United States v. Moratalla is the court's first full decision of the term. NMCCA decision here.
Appellant pled guilty to various offenses including a bank fraud (18 U.S.C. § 1344) charged as a UCMJ art. 134 offense. She was sentenced to 60 months (reduced to 48 IAW the PTA), RiR, (a likely meaningless) $1K x six, and a DD.
I note she was not charged with a conspiracy to violate the federal statute, which the facts suggest was a viable charge.
The specification read,
[K]nowingly execute or attempt to execute a scheme or artifice to defraud a financial institution, ABNB Federal Credit Union, or to obtain moneys, funds, credits, and assets owned by or under the custody and control of the ABNB Federal Credit Union, by means of false or fraudulent pretenses, representations, or promises . . . .
(Emphasis in the original). Appellant challenged the providence of the plea to the bank fraud.
Appellant sought funds to invest in her personal “house flipping business.” In order to secure those funds, Appellant enlisted the help of a coworker—BM2 Whiskey—who agreed to apply for a loan at ABNB Federal Credit Union. Their plan was for BM2 Whiskey to falsely represent to ABNB that he would use the loan proceeds to purchase Appellant’s vehicle. However, neither BM2 Whiskey nor Appellant believed that BM2 Whiskey was actually purchasing the vehicle. Rather, their intent was for the funds obtained from ABNB to be treated as an investment by BM2 Whiskey in Appellant’s business. Nevertheless, at the time of the loan transaction, Appellant transferred the vehicle’s title to BM2 Whiskey—a hallmark of a legal sale of a vehicle from one individual to another. The transfer of the title raised the specter that—despite her intentions—Appellant did not commit bank fraud because she actually did sell her vehicle to BM2 Whiskey consistent with the terms of the loan agreement.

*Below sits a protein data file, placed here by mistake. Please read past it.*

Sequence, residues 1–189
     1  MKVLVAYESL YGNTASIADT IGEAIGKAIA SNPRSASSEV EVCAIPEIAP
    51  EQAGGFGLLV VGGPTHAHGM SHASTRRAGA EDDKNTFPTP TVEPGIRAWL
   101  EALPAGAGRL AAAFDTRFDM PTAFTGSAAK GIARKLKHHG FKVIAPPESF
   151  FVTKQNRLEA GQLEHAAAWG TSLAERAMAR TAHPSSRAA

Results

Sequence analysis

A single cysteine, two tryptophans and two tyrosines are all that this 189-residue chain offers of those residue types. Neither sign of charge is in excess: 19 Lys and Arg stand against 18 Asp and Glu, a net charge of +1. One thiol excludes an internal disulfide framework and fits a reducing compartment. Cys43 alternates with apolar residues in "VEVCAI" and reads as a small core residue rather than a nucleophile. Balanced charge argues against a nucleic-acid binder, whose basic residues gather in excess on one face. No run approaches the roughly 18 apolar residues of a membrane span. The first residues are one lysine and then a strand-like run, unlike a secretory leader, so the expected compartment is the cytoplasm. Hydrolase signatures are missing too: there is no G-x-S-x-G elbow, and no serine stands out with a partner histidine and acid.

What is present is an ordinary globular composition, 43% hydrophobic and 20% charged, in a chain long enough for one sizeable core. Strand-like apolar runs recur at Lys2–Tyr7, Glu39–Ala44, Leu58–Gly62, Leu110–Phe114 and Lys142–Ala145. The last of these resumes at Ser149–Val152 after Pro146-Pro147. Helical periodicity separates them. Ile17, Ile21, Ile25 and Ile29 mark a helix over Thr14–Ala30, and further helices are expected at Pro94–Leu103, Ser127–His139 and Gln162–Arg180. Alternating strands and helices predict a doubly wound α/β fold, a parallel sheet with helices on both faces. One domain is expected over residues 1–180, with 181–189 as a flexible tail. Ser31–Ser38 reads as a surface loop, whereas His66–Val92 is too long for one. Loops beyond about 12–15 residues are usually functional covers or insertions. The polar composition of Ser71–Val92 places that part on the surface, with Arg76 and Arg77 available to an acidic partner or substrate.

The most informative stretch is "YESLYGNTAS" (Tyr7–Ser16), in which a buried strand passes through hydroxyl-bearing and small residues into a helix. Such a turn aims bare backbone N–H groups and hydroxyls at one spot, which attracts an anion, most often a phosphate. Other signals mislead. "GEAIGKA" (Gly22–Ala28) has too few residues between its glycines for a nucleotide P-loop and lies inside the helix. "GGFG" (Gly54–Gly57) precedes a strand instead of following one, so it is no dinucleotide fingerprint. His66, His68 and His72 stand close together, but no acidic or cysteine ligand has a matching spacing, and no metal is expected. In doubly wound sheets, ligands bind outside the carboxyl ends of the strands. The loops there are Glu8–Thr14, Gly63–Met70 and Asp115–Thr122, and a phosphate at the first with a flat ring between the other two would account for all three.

The providence inquiry "arguably raised some question as to the providence of her plea, those responses—in the full context of the colloquy—did not give rise to a substantial question. We therefore hold that the military judge did not abuse his discretion in accepting Appellant’s guilty plea and we affirm[.] For acceptance of a guilty plea there needs be,
[D]espite the existence of an otherwise adequate basis for a plea, “[i]f an accused ‘sets up matter inconsistent with the plea’ at any time during the proceeding, the military judge must either resolve the apparent inconsistency or reject the plea.” United States v. Garcia, 44 M.J. 496, 498 (C.A.A.F. 1996) [.]
From the NMCCA and CAAF opinion.
Appellant admitted telling the petty officer to lie about the purpose for the loan.
Appellant admitted she "partnered" with the petty officer to lie to get the loan for the business.
They both "considered" the money to be for the business.
The transfer of the title and use of the car did not happen until after the money was given to Appellant. (Huuum, isn't that how buying a car works?)
CAAF emphasizes the attempt language of the specification and the statute, and notes, the language of the federal statute is broad and covers "Whoever knowingly executes, or attempts to[.]
We highlight the fact that the statute “punishes not [only] ‘completed frauds,’ but . . . [also] fraudulent ‘scheme[s],’ ” Loughrin v. United States, 573 U.S. 351, 364 United States v. Moratalla, No. 21-0052/NA Opinion of the Court 7 (2014) (alteration in original) (emphasis added) (quoting Neder v. United States, 527 U. S. 1, 25 (1999)), including attempted fraudulent schemes. In light of Appellant’s conduct and the breadth of this statute, we conclude that Appellant’s actions constituted—at a minimum—an attempt to execute a scheme to defraud ABNB.
While I appreciate this may all make sense in the big scheme of things, I wonder if it would have been appropriate to also (or instead) charge a conspiracy and perhaps avoided some litigation?
Cheers, Phil Cave
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